David's Lynchmob

'Lynchmob' exhibition curator Emilie Trice talks to Dazed Digital about the dark absurdity of David Lynch.

By Zac Smith; Detail of: 100 Girls and 100 Octopus
By Zac Smith; Detail of: 100 Girls and 100 Octopuses, 2005 Acrylic and metallic ink on paper 98 parts, 8 x 10" each

David Lynch's work is so indefinable and often apparently demented that it has bred its own distinct brand of surrealism. For 'Lynchmob,' co-curators Emilie Trice and Kollektiv-Berlin as well as curator Christopher David have wrangled more than thirty international artists into an exhibition at .HBC dedicated to the David Lynch's dark and illuminating style of perverse absurdity.

Following the thinking of the man who said "If you saw a man repeatedly running into a wall until he was a bloody pulp, after a while it would make you laugh because it becomes absurd," are works such as hunters' trophies made from glistening hard candy by Berlin-based sculptor Hannes Bend; a magnificent, meticulous-ly executed oil painting of a rooster that David Nicholson slaughtered himself and hung in his living room in Texas; Warren Neidich's selection of video images 'wished' on screen by far-away telepathic curators; and Maxime Ballesteros Biguet's high-contrast photographs of scrappy, scruffy and sexy kids cavorting in the romantically chaotic style of "Wild at Heart."

While assembling these works, rearranging the main/social space of the 1,800- square-meter former Hungarian cultural center turned gallery/event venue into a recreation of the lounge from Twin Peaks, and also posing for portraits with Christopher David photographed by Lynchmob artist Maxime Ballesteros Biguet, Trice took the time to chat with us.

Dazed Digital: Why do a show inspired by Lynch?
Emilie Trice: David Lynch is one of those creative visionaries that Berliners can really appreciate. Not everyone is so intrinsically drawn to perversion and angst, but I would venture that Berliners by and large feel a high level of affinity, or at the very least tolerance, for both of those psychological states.

DD: Is this a generally German set of characteristics? Or do you think Berlin's particular history heightened this tolerance or affinity for gallows humor?
ET: There's definitely something about the city itself and its unique history of perpetual transformation that just reeks of absurdity. Walking around alone here in the winter at night doesn't feel mundane. It feels sinister, but in a way that you can't really take seriously because it's so bizarre. David Lynch's works all resonate with similar qualities, and so he's just someone whose legacy is always kind of around in Berlin. It seemed like a natural theme for a show in Berlin and also one that would garner a lot of enthusiasm among the artists involved, which it has.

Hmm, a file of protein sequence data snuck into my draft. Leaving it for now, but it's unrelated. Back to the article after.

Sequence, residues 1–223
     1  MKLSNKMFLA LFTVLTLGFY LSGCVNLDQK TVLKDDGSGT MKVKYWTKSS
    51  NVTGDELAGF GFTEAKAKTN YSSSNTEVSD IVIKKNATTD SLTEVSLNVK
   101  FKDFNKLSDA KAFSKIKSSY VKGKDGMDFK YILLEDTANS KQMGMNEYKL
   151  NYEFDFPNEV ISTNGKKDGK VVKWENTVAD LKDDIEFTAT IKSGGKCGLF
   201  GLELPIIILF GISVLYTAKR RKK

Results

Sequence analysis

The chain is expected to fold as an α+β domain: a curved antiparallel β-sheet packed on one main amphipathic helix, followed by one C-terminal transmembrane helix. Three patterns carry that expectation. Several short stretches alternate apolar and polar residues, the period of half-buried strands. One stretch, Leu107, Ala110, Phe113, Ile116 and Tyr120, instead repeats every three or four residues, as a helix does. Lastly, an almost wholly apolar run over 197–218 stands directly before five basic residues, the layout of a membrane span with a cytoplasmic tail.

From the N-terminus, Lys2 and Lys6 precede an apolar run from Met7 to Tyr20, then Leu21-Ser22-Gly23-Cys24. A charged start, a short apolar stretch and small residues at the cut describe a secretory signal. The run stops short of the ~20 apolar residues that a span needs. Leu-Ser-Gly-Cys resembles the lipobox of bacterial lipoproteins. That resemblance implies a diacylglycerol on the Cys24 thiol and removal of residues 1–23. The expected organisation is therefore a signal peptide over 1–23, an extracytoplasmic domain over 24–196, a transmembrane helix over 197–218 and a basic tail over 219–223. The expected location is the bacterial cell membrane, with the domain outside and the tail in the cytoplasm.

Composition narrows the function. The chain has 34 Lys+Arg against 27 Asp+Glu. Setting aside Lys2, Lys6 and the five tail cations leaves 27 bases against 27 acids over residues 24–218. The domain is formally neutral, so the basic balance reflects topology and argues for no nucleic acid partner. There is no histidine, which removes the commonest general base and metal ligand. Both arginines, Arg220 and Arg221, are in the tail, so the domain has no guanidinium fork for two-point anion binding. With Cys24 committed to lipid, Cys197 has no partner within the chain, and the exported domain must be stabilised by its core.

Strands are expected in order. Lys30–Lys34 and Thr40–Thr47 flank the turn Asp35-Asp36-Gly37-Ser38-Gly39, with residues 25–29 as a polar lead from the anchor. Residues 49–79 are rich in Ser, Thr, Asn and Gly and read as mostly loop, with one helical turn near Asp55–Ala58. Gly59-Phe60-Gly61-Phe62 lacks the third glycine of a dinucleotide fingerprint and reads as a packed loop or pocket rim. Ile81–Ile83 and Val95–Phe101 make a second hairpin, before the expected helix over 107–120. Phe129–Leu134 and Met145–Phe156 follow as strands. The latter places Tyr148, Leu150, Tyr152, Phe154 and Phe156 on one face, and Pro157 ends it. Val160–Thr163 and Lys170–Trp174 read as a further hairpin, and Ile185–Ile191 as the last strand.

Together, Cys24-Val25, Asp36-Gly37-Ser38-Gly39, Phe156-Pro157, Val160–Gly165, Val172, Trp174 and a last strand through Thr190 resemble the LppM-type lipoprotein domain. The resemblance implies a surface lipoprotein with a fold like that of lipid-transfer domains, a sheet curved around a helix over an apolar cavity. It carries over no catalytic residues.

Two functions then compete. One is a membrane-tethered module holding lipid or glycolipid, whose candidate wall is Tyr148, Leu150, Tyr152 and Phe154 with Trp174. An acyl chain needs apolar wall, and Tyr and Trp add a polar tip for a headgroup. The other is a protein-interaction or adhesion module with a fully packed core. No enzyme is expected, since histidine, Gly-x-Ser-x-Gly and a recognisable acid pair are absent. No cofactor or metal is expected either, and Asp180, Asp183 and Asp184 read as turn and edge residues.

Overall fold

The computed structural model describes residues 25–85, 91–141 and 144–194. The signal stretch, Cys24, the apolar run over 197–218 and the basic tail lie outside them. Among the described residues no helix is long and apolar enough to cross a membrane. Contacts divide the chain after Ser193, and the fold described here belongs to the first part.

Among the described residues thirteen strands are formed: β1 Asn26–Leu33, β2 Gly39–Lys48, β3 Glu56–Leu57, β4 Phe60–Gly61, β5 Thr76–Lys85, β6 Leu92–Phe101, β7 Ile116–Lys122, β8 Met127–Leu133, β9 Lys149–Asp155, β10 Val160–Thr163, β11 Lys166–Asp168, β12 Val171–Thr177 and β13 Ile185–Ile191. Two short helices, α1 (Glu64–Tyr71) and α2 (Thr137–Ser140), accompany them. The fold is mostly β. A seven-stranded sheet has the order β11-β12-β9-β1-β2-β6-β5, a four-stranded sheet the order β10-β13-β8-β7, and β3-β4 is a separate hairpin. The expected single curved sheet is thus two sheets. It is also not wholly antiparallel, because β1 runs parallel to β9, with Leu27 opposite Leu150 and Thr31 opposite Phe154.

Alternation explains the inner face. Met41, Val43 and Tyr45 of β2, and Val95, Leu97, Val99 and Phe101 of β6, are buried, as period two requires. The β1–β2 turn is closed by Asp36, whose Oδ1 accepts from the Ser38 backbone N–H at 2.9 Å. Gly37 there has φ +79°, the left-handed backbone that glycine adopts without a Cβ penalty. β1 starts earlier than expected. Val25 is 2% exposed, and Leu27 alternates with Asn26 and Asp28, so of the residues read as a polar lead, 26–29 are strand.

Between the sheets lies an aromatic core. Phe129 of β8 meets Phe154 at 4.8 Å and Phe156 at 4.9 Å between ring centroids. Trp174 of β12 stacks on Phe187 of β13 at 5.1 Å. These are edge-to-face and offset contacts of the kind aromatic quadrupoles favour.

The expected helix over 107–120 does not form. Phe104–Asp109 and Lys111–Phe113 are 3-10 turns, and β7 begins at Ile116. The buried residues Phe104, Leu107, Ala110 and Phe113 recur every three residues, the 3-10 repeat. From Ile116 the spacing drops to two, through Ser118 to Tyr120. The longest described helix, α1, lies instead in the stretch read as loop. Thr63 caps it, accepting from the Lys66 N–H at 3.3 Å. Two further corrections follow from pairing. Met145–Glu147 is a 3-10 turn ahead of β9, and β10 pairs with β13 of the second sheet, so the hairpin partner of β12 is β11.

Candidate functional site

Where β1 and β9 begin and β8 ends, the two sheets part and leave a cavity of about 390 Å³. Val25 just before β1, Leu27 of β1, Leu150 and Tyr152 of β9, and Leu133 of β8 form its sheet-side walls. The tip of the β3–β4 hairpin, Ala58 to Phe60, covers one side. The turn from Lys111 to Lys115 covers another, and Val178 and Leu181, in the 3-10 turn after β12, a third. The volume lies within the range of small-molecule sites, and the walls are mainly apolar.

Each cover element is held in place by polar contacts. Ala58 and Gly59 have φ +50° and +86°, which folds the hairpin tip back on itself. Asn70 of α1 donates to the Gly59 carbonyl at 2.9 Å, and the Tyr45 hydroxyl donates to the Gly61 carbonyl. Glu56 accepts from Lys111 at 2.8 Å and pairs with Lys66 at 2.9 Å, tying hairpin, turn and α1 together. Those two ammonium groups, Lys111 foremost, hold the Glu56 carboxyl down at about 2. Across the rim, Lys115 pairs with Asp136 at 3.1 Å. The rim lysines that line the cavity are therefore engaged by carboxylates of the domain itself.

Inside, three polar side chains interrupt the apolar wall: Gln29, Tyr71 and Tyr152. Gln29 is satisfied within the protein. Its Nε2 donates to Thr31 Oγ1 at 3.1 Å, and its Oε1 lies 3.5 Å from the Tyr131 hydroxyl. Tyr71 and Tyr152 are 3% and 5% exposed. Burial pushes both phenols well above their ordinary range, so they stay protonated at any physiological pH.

DD: Are these works just surreal or is there something more specific to being Lynchian?
ET: David Foster Wallace had this great quote, "AN ACADEMIC DEFINITION of Lynchian might be that the term "refers to a particular kind of irony where the very macabre and the very mundane combine in such a way as to reveal the former's perpetual containment within the latter." But like post-modern or pornographic, Lynchian is one of those Potter
Stewart-type words that's ultimately definable only existentially -i.e., we know it when we see it."

DD: Were all of the artists directly inspired or personally fascinatedwith Lynch or were you extrapolating Lynch friendly attributes from their work?
ET: A lot of the artists in this show made new work specifically for this exhibition, based on the theme. It's really interesting to see the universal relevance that someone like David Lynch has and how his work can inspire such diverse artistic expressions in so many people. I'm really happy that two LA-based artists, Zak Smith and Sean Cheetham,
neither of whom have been shown in Berlin before, both made new paintings for this show. Otherwise, we chose older work that we felt would strengthen the exhibition as a complete statement, like Oliver Pietsch's videos, Torsten Solin's photographs and Christoph Steffner's "Fuck Machine." But the literal references to Lynch in these works varies considerably. We were mostly concerned with creating a complete Lynchian environment than with having every work be a singular statement, although hopefully that will happen too.

DD: What about the .HBC space is Lynchian?
ET: When Christopher David and I both went to HBC for the first time we immediately agreed in unison that there was something very David Lynch about it. It's a really strange space.  The rooms and materials are all oddly put together and often in some stage of disrepair. The facade completely blends in with the row of discount stores and fast food
chains that occupies the street, but then behind this very unassuming surface there's this shockingly sprawling interior that's actually enormous and can be really difficult to navigate at first. Then there's the view from the bar/cafe that looks directly onto Alexanderplatz and is dwarfed by the TV tower, which is surreal in its own way. It just has a dreamlike quality to it that immediately correlated to David Lynch for both Christopher and me, but that's something that can't really be verbalized; it just has to be witnessed.

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